Pokhara faces shortage of professional guides

Published On: September 8, 2016 01:40 AM NPT By: Santosh Pokharel

Lack of professional tourist guides in tourism hub Pokhara
POKHARA, Sept 8: Pokhara started welcoming tourists in 1970. Nearly half century down the line, Pokhara is among the nation's topmost tourist destinations. Millions of domestic and international tourists reach out to Pokhara and spend weeks in the city. However, sadly, Pokhara cannot yet boast of sufficient professional guides who can provide fair and reliable information about its history, heritages, religious and cultural practices and natural beauties to its tourists.

“Sounds unfair, but that's the truth. We have a dearth of professional tourist guides. Because of this, our tourists often return without knowing much about our city,” says Tikaram Sapkota, former general member of Tourism Board.

He noted that though Pokhara has taken leaps in terms of infrastructural development, this has not made any difference in the growth of professional tourist guides. “Acquiring knowledge about people and places is one of the major thrills of traveling. We have not been able to offer this experience to our guests in the real sense. And this reality is dawning upon us as we prepare to celebrate 50 years of tourism in Pokhara,” he noted.

Som Bahadur Thapa, president of Pokhara Tourism Council also expressed similar concerns. At a time when thousands of Nepalis hunt for job abroad, this could be a good career option. Yet, youths and organizations have not focused their attention to the area, Thapa opined, urging stakeholders to focus on it.

Both Sapkota and Thapa admit that the tourism promotion board and entrepreneurs have not been playing a constructive role in fulfilling this lack. The duo feels that not being able to prepare suitable guides for the city even in around 50 years of long history of tourism in the city and moving on with scarcity of professional guides is in fact, an embarrassing matter for the tourism industry.

“We do not have well trained human resource that can serve the depth of natural, religious, cultural aspects of Pokhara to our guests. We have scarcity of tourist guides who had in-depth knowledge of our lakes, birds, flora and faunas found in Pokhara. Human resources that have this knowledge are essential for selling Pokhara's richness to the world,” Thapa said.

“Most of our guides are basically trained for delivering better trekking experience to tourists. As Pokhara was used as a base for trekkers in the earlier days, guides were focused on providing trekking guidance to tourists. But through the decades Pokhara in itself has developed as a tourist city. However, most of the guides still are focused on trekking,” Sapkota said. “While focusing their services for trekkers, industry stakeholders have been missing out on selling the town itself to the tourists. We are rich in cultural, social and natural heritages, but these remain ignored. Serious studies in these areas have never been conducted, because of which we have been not able to exploit our full tourism potential.”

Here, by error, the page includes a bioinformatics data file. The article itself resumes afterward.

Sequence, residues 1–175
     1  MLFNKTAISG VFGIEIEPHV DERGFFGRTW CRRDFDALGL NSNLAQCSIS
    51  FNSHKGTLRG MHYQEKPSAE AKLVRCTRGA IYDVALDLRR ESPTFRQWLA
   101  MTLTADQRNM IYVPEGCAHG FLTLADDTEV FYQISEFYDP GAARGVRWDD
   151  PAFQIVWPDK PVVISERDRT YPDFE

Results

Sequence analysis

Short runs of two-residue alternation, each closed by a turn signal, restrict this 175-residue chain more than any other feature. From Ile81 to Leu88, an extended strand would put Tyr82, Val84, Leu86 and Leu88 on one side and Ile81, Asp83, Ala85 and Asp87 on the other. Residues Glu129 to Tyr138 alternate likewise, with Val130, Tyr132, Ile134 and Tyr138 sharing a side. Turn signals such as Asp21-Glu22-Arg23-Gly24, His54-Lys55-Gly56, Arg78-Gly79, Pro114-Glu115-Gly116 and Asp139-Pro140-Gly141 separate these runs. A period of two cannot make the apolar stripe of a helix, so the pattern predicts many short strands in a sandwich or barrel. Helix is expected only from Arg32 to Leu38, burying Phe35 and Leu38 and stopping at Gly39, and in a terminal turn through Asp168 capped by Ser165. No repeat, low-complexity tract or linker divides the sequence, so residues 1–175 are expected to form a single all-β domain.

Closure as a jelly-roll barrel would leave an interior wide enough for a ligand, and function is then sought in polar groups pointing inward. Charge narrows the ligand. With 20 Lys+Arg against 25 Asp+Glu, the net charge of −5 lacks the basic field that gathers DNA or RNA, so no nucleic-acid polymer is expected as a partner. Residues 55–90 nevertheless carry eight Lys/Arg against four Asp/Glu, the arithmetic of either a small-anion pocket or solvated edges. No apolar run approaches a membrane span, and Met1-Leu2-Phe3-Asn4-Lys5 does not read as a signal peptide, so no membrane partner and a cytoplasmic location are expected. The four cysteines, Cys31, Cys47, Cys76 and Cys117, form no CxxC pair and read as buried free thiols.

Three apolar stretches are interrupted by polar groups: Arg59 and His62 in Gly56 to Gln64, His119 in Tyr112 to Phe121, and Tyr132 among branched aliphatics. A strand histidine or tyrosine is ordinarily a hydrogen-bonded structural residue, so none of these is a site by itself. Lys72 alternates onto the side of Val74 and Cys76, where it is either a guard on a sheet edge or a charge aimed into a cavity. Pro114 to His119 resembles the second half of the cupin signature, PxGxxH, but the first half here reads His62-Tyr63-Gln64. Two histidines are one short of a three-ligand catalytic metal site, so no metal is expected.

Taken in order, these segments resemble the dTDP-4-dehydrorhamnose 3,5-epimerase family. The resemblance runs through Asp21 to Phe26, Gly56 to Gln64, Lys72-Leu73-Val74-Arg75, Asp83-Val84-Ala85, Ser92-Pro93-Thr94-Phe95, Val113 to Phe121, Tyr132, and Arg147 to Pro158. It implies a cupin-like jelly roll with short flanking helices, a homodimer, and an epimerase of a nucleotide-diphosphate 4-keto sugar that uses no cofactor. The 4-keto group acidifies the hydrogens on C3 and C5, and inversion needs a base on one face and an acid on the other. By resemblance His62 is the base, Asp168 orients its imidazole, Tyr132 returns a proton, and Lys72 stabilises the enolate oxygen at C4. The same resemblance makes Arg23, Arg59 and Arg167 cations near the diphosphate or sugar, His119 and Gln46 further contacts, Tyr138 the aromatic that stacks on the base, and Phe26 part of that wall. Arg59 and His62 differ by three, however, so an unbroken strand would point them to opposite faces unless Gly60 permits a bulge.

Sapkota said that ignorance about own heritages points to lack of historian that could document them and added that the lack has deprived residents and tourists from knowing Pokhara's history, culture and natural resources.

Substantiating his claims, he said that if a guide cannot tell history and religious and cultural significance of the Barahi temple to the tourist, than the tourist wont be remembering the place. “Some tourists are interested in knowing cultural and religious significance of a temple and its deity. But if the guide, who is fluent in many international languages, cannot provide such information, than there is now way for the tourist to know them.”

The dearth of tourist guides has directly affected the stay duration of the tourists. “If we are able to provide in-depth details of resources than that would trigger their interests and that would provide them with a cause to prolong their stay here,” he opined that Thapa also seconded.

 “Development of tourism sector largely depends on tourist guides. Many tourists love to come back to the place and learn more if they're interested in the historical, cultural, religious significance of that place. But we hardly have such impressive guides around,” Thapa remarked.

He said that tourist guide turned taxi drivers have been mostly providing service in the city and claimed this practice has adversely affected the industry. “Taxi drivers become tourist guides after initially building confidence on the basis of their encounters with some tourists. But as they lack formal training, they hurry up their tours,” he said adding that a professional tour guide takes time to share details about a location to the tourist, sticks to tour itinerary and ensures the tourist gets all the information that he has come looking for.

Uday Bhattarai, chief of Tourism Development Board, Pokhara also stressed on producing guides that are sensitive to human being and have fair knowledge about the area and imbibe in them the zeal to share their knowledge with others.

“This is a very sensitive profession. Tourist guides are primary means through which a tourist perceives a place, its resident or cultural practices and forms an opinion. It is important that a tourist guides is sensitive to such issues, is knowledgeable and treats tourists humanely,” Bhattarai said calling on the tourism sector stakeholders for investing in producing such tourist guides.

A group of tourists pose for a photo in Pokhara. 

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